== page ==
As experienced classic car transporters, Ontime Automotive know that some vehicles are more than just cars – they can evoke feelings of nostalgia, happy memories, even a kind of love in their own right, from passers-by right through to those of us who are lucky enough to own a piece of motoring history.
Classic car transport is all about making sure these automotive time capsules reach their destination safe and sound, without adding unnecessary miles to the clock – and with these kinds of valuations, it’s easy to see why that is so important.
5. 1937 Mercedes-Benz 540K Special Roadster
Dating back to 1937, the German-built 540K Special Roadster was owned by an Englishman, who sensibly kept it hidden throughout the war.
Over the years so far it has changed hands several times, including a stint belonging to Bernie Ecclestone of Formula 1 fame, until eventually it earned the title of fifth-most expensive classic car of all time.
The price tag that achieved this? $8.2 million – about £5.4 million at current exchange rates – which also makes it one of only five cars our research found to sell for over $8 million.
4. 1962 Ferrari 330 TRI/LM
Onwards and upwards, and it’s no surprise that the 1962 Ferrari 330 TRI/LM sold for a hefty price tag, when you consider that only one was made.
That is because the ‘LM’ in the name stands for Le Mans – this vehicle, driven in 1962 by Phil Hill and Olivier Gendebien, won the 24-hour endurance challenge, and eventually sold at Sotheby’s for a massive $9.3 million.
3. 1931 Bugatti Type 41 Royale Kellner
The present-day Bugatti Veyron can reach upwards of 250 mph, and that kind of ‘reach for the stars’ mentality has been a hallmark of the brand for almost a century.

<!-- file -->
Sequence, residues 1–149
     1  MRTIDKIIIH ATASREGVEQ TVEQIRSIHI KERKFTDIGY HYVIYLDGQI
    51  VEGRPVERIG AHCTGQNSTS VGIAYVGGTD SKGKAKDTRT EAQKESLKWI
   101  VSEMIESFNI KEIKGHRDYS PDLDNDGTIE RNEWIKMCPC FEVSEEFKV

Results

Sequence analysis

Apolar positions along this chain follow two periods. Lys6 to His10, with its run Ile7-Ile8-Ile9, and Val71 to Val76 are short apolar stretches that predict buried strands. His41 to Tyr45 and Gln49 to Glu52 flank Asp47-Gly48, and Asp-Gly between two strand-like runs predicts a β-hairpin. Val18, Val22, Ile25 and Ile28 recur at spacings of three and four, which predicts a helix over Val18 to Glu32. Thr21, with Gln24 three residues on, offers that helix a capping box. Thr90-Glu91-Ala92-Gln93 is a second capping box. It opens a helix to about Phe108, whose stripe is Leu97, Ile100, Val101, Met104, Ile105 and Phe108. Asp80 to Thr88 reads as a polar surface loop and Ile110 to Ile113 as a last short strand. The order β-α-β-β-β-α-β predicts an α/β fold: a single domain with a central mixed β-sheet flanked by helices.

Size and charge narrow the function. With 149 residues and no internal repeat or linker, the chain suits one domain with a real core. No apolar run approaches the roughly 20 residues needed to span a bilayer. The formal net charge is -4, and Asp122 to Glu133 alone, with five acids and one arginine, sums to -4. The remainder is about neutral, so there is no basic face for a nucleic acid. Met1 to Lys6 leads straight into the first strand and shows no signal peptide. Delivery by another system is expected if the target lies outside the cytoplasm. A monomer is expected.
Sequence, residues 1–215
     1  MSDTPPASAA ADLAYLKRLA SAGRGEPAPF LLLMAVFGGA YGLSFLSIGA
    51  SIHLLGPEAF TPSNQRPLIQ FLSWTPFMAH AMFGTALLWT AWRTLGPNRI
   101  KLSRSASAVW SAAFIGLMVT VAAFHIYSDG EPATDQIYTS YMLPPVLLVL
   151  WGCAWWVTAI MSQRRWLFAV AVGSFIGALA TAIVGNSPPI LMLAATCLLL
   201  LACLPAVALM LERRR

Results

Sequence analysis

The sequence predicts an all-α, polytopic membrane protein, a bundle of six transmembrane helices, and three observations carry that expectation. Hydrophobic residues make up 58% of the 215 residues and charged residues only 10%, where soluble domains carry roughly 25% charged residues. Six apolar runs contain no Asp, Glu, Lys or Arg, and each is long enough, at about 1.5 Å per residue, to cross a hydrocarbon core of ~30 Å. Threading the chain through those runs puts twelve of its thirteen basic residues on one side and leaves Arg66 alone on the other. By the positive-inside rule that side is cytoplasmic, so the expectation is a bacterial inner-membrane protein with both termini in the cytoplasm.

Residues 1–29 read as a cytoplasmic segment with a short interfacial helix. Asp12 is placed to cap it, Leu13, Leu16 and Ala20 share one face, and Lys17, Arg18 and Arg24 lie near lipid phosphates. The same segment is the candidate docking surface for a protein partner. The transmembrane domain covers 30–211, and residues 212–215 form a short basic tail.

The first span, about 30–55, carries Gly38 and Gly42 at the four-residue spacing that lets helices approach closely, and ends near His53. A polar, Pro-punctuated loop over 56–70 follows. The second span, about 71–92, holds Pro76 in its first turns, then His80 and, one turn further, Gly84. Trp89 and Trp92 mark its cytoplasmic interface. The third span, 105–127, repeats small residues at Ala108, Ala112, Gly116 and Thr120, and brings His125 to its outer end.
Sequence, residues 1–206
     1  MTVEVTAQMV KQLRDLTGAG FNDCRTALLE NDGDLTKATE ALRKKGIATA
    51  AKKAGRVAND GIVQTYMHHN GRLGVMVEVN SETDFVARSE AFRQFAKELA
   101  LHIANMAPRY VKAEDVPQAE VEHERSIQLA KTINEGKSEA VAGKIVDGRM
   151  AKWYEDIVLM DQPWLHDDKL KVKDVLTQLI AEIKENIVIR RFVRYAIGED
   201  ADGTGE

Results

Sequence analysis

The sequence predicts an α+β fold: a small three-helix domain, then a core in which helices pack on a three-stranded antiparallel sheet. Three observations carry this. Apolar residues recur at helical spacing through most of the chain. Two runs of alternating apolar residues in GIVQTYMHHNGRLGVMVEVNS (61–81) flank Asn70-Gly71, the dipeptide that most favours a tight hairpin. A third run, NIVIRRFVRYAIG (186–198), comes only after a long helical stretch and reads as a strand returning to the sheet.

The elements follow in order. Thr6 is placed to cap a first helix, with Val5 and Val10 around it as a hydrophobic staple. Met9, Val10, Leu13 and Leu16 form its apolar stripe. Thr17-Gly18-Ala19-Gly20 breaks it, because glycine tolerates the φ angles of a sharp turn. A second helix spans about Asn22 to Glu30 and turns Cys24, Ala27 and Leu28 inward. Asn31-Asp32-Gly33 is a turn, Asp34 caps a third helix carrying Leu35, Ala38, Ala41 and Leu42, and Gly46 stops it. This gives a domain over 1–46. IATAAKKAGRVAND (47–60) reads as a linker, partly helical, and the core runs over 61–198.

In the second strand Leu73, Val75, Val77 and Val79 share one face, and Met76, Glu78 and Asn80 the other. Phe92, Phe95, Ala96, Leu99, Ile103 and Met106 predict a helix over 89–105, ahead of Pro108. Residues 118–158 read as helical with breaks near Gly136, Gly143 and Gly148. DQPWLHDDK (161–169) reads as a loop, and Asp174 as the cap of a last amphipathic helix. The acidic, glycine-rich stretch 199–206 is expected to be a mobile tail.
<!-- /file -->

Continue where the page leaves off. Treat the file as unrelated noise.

In the case of the 1931 Bugatti Type 41 Royale Kellner, the 12.7l engine (yes, twelve point seven litres) was the biggest ever put into a car for the open market – and still is, as it happens.
Bricked up to keep it safe in wartime, it was eventually busted out and sold in 1987 for $9.8 million – again, it’s worth repeating, that’s nearly $10 million at 1987 prices, and might well see this car rank even higher if it were to sell today.
2. 1961 Ferrari 250 GT SWB California Spyder
We’re into the all-time biggest hitters now, and while the Bugatti fell just short of eight figures, this Ferrari did not, selling in 2008 for $10.9 million.
Formerly owned by James Coburn (and famously featured in the film Ferris Bueller’s Day Off), the record-breaking figure was paid by radio presenter Chris Evans, and for about a year it stood as the all-time most expensive classic car.
1. 1957 Ferrari 250 Testa Rossa
Of course it had to be another Ferrari that broke the record – one of 22 ever built, and just the fourth to roll off of the production line.
Rumoured (by Ferrari themselves) to have one of the best driver’s-eye views of any vehicle in the world, this particular one has been restored over the years, but lovingly so – even reuniting it with its original engine.
With that kind of attention to detail, it’s little wonder this sold in 2009 at auction for a breathtaking $12.1 million, and with the economic cycle seen since, that benchmark could prove hard to beat for some time.